A majority of Madagascar's 101 species of lemurs are threatened with extinction, and that could have serious consequences for the rainforests they call home. A new study by Rice University researchers shows the positive impacts lemurs can have on rainforest tree populations, which raises concerns about the potential impact their disappearance could have on the region's rich biodiversity.
A large proportion of trees in Madagascar's rainforest have fruits eaten by lemurs. Lemurs in turn disperse the seeds of their fruit trees throughout the forest with their scat. Such dispersal can play a crucial role for a tree species' ability to regenerate, but effects are poorly understood, especially when there are multiple dispersers.
For the tree, the evolutionary advantage of having animal-dispersed seeds may be that the seeds land well away from their parent trees where survival is low or that seeds are directed into spots where they are the most likely to sprout and survive.
Amy Dunham, an assistant professor of biosciences, and graduate student Onja Razafindratsima set out to detail the symbiotic relationship between fruit-eating lemurs and the trees that feed them through a three-year study in a rainforest in southeastern Madagascar.
Their data from observations, experiments and mathematical models demonstrate that seeds of a common canopy tree have a 300 percent higher chance of sprouting and becoming a sapling when dispersed by lemurs versus simply falling to the ground. One of the three lemur species is particularly good at dropping seeds in spots that are most advantageous for sprouting and survival. Other lemurs are not so selective, but still benefit the tree by moving seeds away from the parent tree. By acting as forest gardeners, these animals give the tree's population a boost.
The study appeared online in the Ecological Society of America journal Ecology.
As part of the study, the researchers followed the seed-dispersal patterns of three of Madagascar's lemur species: the red-fronted brown lemur, the red-bellied lemur and the southern black-and-white ruffed lemur. That meant tracking and observing groups of lemurs as the animals leaped from tree to tree through the forest, dined in the 65-foot-high canopies and dropped their undigested seeds at ground level.
Razafindratsima led the study as part of a thesis project she expects to complete early next year. She built a team of local researchers near Ranomafana National Park, the home of Centre ValBio, a research station founded by Dunham's former Ph.D. adviser, primatologist Patricia Wright.
"We have a team of up to 10 local villagers who are trained to do research," said Razafindratsima, a native of Madagascar. "Their exceptional knowledge of the forest is very important to us when we're trying to track lemurs and identify seeds and seedlings in a forest with over 300 species of trees."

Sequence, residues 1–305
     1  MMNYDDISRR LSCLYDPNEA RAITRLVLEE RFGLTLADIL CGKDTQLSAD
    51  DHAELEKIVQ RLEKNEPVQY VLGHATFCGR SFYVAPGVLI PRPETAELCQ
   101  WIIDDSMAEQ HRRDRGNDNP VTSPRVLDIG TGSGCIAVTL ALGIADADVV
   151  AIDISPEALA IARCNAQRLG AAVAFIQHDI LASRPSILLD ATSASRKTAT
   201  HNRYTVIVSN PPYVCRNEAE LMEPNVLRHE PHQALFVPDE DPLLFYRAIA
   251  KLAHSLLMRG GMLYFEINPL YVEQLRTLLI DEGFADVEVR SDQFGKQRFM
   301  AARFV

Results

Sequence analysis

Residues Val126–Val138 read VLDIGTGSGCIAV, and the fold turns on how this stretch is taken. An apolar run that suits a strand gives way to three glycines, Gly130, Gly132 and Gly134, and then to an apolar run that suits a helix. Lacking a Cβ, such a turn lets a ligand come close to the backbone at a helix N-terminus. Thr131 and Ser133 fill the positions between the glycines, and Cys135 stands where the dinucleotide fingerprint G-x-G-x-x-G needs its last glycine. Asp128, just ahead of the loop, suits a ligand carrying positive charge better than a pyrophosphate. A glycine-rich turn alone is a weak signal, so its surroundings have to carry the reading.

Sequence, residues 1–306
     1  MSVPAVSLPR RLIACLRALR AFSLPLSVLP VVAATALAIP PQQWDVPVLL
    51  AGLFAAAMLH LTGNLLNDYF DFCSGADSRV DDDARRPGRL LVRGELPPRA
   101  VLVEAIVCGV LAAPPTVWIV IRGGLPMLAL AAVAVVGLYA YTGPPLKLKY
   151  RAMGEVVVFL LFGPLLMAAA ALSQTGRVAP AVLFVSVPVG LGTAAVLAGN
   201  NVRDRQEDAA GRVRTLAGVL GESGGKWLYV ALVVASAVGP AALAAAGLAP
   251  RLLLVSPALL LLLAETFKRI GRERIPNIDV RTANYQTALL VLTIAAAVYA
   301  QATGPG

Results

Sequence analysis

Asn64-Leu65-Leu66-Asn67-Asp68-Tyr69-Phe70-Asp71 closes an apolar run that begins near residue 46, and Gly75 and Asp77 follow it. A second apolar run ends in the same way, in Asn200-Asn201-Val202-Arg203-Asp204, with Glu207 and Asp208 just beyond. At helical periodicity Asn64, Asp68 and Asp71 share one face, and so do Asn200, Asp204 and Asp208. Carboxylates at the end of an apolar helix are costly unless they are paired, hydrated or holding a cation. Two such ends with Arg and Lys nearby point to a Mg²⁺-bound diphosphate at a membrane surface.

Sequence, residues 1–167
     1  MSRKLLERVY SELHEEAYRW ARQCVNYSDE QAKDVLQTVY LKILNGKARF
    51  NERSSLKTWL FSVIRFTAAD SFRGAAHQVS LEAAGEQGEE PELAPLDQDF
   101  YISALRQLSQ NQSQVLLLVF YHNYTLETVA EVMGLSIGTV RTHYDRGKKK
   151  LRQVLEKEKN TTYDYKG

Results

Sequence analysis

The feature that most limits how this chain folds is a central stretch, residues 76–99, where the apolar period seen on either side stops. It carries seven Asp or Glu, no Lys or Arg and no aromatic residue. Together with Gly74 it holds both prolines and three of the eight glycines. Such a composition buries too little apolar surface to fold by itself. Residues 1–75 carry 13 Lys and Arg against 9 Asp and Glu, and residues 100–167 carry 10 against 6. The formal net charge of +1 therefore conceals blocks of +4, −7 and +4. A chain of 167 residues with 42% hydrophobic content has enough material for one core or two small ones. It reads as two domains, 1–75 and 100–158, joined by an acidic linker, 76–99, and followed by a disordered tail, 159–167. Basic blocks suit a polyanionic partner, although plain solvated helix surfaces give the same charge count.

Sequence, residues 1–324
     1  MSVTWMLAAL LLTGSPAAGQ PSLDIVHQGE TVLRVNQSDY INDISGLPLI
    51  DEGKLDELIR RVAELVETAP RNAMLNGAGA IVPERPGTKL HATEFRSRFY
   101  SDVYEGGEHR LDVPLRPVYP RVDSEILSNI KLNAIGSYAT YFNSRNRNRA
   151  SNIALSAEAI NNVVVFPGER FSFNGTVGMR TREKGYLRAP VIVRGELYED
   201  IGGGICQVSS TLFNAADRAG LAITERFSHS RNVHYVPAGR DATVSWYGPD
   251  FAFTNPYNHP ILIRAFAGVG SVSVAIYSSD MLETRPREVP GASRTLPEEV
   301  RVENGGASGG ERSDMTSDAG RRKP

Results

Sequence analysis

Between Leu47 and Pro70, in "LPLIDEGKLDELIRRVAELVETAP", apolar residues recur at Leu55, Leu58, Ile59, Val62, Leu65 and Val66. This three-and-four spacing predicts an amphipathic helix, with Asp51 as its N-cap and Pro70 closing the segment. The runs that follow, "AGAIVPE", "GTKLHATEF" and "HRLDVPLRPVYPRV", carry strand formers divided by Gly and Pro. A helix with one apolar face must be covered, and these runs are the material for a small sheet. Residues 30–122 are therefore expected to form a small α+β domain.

The research team tracked 24 groups of lemurs over a year without the benefit of radio collars, said Razafindratsima, who keeps in touch with her team via phone and Skype when she's at Rice. She said the study sites were as close as a short hike from Centre ValBio and as far as a two-day trek through steep terrain that entailed camping overnight.
In addition to tracking lemurs and their dispersed seeds, the research team spent three years carrying out experiments on seed sprouting and survival. They found that dispersal by lemurs dramatically increased the odds that seeds would take root and survive. In particular, the red-fronted brown lemurs tended to drop seeds away from their parent trees and in places where there were gaps in the canopy. This gave individual seeds the best shot at taking root.
Dunham said trees benefit from the wide dispersal of their seeds, and for some species in Madagascar, lemurs are the primary or only animal that can distribute those seeds. As the largest fruit-eaters in the system, these lemurs swallow seeds that may be too large for other fruit-eating animals, such as birds or bats.
"Seeds away from the parent tree survive better because there's less competition among seedlings," Razafindratsima said. "If they're close by the parent, they may also share the same natural enemies, like soil pathogens and seed predators, so there's higher mortality."
Trees that lose their dispersers will simply drop their seeds to the ground beneath their canopies, where chances of survival are slim, Dunham said. "Lemurs fill an important role as the gardeners for these trees. By ensuring that some seeds land in spots suitable for germination and survival, they increase the ability of these trees to replace themselves"
Dunham hopes the study will contribute to growing efforts to protect lemurs, and therefore the rainforest, which has been impacted in recent years by economic and political instability. She noted grassroots efforts within Madagascar led to the first World Lemur Festival in late October to celebrate and protect the animals and their habitats in Madagascar.
"What got us interested is that frugivorous lemur populations are declining across the island, and we know very little about how these seed dispersers actually affect tree populations," she said. "Once we understand that better, maybe we'll have a better idea of how the community might change if the lemurs disappear.
"If some species suddenly lose their dispersers, but others dispersed by birds or the wind are doing fine, it may change population trajectories and alter which tree species are dominant in a community. To understand what happens when these species are lost, we need to understand their role in the ecosystem," she said.
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